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Culture shock for an American in Denmark

Five weeks of annual vacation – really?

One of big culture shock for an American in Denmark is the question you’ll hear at the beginning of the summer: Are you taking three or four?

That means – are you taking three or four weeks of summer vacation? Danes are entitled by law to at least five weeks of paid vacation per year, and the law requires employers to permit at least three weeks of time off from May to September.

In addition, Danes who work for others (in other words, people who are not self-employed) are entitled to “vacation money” that allows them to enjoy their vacations without economic difficulties.

This payment, which is equivalent to 1% of the employee’s salary in a calendar year, is kept by the government until it is time to go on vacation, upon which time the employee applies for a payout.

Culture shock for an American in Denmark: Cars are very expensive

Unlike Sweden, Denmark has never had a major car industry, and that may be one reason that driving in Denmark is so expensive. New cars are taxed at up to 150% of the their purchase price, and fuel costs are at least double of what they might be in the US. Electric cars are popular in the cities, although they are less popular in the countryside, where chargers can be few and far between.

Danes cannot get a driver’s license until they turn 18, and many people in the big cities have no drivers’ license at all. Getting a license requires an extensive course with a private company that can run up to US$5000. Many Danish teenagers get after-school jobs just to save up for driving lessons.

Culture shock: Alcohol use among very young Danes

In the US the drinking age is 21 in most places, and frequently enforced with “carding” at bars, clubs, and liquor stores. In Denmark, the official age for being able to purchase wine and beer is 16, although in practice, many Danes begin drinking long before that.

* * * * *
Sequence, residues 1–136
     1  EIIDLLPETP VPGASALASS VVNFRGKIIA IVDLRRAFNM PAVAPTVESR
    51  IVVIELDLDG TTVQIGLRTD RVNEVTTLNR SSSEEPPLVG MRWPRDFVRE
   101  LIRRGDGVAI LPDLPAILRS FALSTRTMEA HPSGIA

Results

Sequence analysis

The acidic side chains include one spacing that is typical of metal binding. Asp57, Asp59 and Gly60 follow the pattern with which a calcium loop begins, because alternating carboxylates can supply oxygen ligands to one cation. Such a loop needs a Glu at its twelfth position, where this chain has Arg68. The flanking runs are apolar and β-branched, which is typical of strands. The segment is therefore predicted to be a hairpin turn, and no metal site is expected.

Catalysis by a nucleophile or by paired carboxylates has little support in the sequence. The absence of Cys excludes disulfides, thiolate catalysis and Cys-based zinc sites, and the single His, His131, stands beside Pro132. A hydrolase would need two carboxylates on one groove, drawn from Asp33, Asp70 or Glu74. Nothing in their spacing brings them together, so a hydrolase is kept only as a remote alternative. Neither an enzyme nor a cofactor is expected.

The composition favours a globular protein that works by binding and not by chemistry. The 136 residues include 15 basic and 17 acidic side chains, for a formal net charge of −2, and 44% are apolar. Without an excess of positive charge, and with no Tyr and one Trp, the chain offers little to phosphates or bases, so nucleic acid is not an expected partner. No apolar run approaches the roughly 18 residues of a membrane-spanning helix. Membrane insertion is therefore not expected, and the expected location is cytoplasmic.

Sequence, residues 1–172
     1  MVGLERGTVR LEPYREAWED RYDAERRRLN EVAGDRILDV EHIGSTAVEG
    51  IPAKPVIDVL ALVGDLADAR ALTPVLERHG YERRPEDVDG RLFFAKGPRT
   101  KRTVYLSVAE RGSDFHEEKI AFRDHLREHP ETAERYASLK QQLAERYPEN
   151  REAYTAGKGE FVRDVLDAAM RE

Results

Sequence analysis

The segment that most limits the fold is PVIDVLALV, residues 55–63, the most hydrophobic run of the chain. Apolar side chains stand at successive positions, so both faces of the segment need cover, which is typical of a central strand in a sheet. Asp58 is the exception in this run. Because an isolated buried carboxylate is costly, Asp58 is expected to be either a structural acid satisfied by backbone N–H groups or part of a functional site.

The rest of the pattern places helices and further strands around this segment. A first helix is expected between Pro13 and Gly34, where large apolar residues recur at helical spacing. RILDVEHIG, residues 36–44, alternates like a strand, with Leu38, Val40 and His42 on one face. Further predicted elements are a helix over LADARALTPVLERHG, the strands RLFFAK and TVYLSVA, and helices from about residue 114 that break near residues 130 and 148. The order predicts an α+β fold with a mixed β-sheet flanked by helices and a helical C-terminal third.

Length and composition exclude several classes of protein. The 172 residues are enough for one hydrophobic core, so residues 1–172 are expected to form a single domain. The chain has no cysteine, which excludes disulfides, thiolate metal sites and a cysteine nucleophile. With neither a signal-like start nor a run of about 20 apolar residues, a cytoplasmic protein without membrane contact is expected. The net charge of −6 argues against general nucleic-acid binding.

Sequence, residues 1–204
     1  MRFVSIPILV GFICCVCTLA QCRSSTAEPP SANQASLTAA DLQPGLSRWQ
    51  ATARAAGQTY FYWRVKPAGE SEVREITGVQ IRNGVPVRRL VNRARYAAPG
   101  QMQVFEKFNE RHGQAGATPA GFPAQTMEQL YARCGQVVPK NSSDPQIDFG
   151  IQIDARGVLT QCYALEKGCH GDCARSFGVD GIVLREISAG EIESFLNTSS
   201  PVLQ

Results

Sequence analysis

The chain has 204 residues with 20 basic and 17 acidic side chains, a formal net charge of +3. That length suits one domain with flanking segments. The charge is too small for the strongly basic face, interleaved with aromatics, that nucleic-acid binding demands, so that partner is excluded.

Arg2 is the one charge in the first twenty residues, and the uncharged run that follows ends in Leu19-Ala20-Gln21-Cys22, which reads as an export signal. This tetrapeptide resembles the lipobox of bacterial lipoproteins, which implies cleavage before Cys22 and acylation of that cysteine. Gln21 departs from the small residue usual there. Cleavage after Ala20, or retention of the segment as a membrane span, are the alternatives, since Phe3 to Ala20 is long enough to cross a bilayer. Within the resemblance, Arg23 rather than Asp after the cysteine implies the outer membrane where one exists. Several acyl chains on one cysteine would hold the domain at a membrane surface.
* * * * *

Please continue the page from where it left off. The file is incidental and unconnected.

Traditionally, Danish children have been allowed to drink beer at home as soon as they were confirmed in the Church, around 12 or 13. Parties of children who are 14 or 15 frequently feature alcohol with the parents’ permission. Many high schools have cafés that sell light alcohol like “breezers” and beer.

At 18, Danes can buy all types of alcohol, and frequently do.

Heavy drinking in Denmark is a national problem, and even seemingly well-adjusted, well-educated adults sometimes drink to the point of passing out. The 2021 Oscar-winning movie “Another Round” focused on this.

Culture shock: Competition vs co-operation, contentment vs excellence

American culture encourages and supports competition: children are encouraged to excel and be the best both in the classroom and on the athletic field. Getting into the best universities and post-university jobs is important. And adults compete constantly in business and politics – sometimes ethically, sometimes not.

Denmark is a much less competitive society. The emphasis is on co-operation, teamwork and solidarity. Children receive few or no grades at school until they are 12 or 13, and class rankings are rare. Bright students are encouraged to help their struggling classmates, and advanced or gifted classes are rare.

Meanwhile, adults are less competitive at work, and job titles are not particularly meaningful to the Danes. Some people enjoy this co-operative approach, but others complain about the legendary “Jante Law,” with pettiness and envy directed towards individuals who are hardworking and successful.

Culture shock: Diversity and Danish humor

Denmark is frequently called a monoculture. Although about 10% of the population is not ethnic Danish – and 20% of newborn babies have at least one non-Danish parent – almost everyone is part of the dominant Danish culture. Diversity and the Danes is a work in progress.

One way this is expressed is in humor. Danes tend to have a rather harsh and personal humor with each other, in part because they are all part of a “big family” and families often feel entitled to joke with each other. Americans can easily become offended by Danish humor.

On the other hand, the US is a very diverse society, not just ethnically and economically but also geographically. Denmark has fewer than 6 million people, fewer than the Houston metro area, and Danes don’t always understand how big and chaotic the US can be, or how much one state can differ from another.

Danes also don’t always understand the US enjoyment of being different just to be fun and kooky. “Social fit” is very important in Denmark, and people prefer to be calm, quiet and wear subtle clothing.

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